Born in Victoria 1986, Qwul’thilum (Dylan Thomas) is a Coast Salish artist from the Lyackson First Nation, who were traditionally from Valdes Island. more >
Traditional Cultures & Art
Traditional Cultures & Art along the Northwest Coast and near the abundant rivers of the north, Native groups gathered and flourished. From the north to the south these tribes were: the Tlingit, Haida, Nisga'a, Gitxsan, Tsimshian, Nuxalk, Heiltsuk, Kwakwaka'wakw, Nuu-Chah-Nulth, and Coast Salish.
Within each tribe existed a system of ranked societies. The drive to acquire status and wealth within this heirarchy was the source from which much of the cultural artifacts sprang.
Native economies, which were forest and ocean dependant, also determined the raw materials to be used in ceremony and everyday life in the production of canoes, hats, baskets, paddles, boxes, and items for trade with other tribes. During the summer villagers moved to different camps to fish, collect cedar, and seafood . By the fall enough had been gathered to last the winter.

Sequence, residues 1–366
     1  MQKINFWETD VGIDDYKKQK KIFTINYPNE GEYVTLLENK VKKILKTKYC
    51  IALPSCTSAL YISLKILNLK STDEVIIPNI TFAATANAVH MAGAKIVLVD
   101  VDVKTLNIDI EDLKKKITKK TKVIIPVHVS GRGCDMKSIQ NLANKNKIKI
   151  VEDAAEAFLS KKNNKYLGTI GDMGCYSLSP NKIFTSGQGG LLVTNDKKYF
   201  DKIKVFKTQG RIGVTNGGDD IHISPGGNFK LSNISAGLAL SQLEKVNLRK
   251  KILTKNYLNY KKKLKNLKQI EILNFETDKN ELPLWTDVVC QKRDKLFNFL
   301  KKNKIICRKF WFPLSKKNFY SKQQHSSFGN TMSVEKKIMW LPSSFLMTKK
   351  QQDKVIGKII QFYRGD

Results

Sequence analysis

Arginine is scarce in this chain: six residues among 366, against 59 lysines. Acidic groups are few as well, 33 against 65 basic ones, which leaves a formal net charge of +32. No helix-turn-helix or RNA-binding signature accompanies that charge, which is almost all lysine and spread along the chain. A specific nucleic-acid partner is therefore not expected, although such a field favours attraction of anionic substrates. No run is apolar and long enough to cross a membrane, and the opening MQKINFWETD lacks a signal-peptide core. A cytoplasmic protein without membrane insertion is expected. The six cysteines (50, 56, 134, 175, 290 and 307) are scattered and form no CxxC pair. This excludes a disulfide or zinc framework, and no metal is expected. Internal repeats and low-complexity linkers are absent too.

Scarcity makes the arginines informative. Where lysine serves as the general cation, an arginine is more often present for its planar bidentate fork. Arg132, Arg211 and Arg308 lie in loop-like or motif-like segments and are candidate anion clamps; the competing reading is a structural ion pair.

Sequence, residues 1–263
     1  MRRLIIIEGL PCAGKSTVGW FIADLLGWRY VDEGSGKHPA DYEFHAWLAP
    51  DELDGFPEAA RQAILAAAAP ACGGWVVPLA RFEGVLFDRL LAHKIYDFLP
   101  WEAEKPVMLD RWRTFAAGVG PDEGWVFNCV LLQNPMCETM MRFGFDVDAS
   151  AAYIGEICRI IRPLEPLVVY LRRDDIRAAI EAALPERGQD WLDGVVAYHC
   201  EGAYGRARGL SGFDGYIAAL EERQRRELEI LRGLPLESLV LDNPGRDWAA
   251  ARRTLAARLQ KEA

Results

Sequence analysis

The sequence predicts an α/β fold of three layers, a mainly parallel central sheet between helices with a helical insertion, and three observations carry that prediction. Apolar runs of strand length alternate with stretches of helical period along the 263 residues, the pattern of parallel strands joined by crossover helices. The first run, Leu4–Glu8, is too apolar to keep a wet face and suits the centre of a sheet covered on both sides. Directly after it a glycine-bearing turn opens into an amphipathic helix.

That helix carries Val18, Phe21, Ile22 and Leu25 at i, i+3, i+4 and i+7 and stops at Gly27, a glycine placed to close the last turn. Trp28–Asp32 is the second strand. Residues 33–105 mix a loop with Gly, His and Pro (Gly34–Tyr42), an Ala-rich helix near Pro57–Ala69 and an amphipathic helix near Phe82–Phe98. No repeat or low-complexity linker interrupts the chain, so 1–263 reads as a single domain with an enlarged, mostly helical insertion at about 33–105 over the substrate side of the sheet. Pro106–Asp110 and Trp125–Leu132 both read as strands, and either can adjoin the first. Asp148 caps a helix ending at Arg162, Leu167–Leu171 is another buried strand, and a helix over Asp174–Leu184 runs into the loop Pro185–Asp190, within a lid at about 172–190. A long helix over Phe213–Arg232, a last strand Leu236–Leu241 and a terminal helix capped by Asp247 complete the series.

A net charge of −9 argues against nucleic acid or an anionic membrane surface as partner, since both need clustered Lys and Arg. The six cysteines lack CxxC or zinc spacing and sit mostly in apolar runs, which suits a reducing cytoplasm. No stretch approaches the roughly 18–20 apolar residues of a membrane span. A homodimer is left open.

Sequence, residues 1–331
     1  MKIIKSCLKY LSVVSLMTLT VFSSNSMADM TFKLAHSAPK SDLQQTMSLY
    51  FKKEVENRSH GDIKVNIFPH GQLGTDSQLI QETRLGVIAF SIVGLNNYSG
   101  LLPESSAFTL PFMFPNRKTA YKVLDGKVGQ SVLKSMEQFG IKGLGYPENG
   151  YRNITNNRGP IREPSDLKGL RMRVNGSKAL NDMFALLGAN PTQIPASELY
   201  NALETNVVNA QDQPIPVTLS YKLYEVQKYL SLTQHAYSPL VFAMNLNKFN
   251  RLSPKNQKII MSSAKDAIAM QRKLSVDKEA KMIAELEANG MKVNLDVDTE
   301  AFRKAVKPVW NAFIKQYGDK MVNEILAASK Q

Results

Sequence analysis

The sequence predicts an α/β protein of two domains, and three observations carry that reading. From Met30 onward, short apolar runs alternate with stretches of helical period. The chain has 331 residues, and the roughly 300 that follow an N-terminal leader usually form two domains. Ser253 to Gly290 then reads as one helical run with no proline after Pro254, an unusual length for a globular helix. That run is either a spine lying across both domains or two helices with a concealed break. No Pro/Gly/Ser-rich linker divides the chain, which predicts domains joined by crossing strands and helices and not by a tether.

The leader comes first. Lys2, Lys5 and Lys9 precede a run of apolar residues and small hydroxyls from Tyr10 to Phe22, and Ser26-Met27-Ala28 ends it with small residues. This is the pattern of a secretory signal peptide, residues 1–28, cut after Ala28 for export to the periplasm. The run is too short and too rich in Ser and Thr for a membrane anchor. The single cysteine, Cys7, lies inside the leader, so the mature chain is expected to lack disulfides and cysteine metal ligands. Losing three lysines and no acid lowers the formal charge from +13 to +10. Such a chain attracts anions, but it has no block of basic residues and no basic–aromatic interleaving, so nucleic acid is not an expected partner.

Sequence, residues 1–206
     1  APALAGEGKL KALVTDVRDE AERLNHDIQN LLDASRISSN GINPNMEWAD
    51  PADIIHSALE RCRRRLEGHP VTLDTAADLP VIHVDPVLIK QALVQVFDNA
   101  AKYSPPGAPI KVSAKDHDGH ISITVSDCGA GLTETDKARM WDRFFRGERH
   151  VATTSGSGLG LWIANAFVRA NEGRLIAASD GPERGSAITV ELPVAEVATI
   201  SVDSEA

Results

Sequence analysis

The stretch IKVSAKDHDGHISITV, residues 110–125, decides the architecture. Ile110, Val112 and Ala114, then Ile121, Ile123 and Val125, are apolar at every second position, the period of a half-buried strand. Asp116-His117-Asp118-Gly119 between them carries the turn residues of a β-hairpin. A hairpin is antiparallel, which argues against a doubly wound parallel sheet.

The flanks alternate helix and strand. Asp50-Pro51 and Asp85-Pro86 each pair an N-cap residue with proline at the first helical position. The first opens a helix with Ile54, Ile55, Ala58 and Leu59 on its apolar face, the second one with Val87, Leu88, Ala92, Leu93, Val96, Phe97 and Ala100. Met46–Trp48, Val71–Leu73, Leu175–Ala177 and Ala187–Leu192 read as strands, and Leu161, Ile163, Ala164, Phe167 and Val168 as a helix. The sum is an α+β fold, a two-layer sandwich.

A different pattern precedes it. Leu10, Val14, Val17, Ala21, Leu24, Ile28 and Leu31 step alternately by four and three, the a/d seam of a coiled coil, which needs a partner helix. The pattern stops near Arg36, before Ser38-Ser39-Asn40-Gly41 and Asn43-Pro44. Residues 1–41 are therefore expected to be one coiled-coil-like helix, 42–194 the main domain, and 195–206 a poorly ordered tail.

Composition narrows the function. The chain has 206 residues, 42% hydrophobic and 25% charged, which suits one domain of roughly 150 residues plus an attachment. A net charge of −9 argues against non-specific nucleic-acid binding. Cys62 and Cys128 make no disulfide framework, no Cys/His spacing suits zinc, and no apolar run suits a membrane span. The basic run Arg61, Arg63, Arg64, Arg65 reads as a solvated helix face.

Winter was the time that men made their claims to rank at the potlatch ceremonies and demonstrated their personal and family rights through dance. For these ceremonies, masks, rattles, drums, jewellery, feast dishes, ceremonial regalia, dance curtains and gifts of astounding beauty were created. Many ancient examples of these priceless treasures exist today in museums and are studied by modern native artists.
There are animal crests, mythic supernatural beings, and histories of families found in the ancient and the modern art forms. The connection from the ancient carved images to the more contemporary forms of the art is strong and unbroken.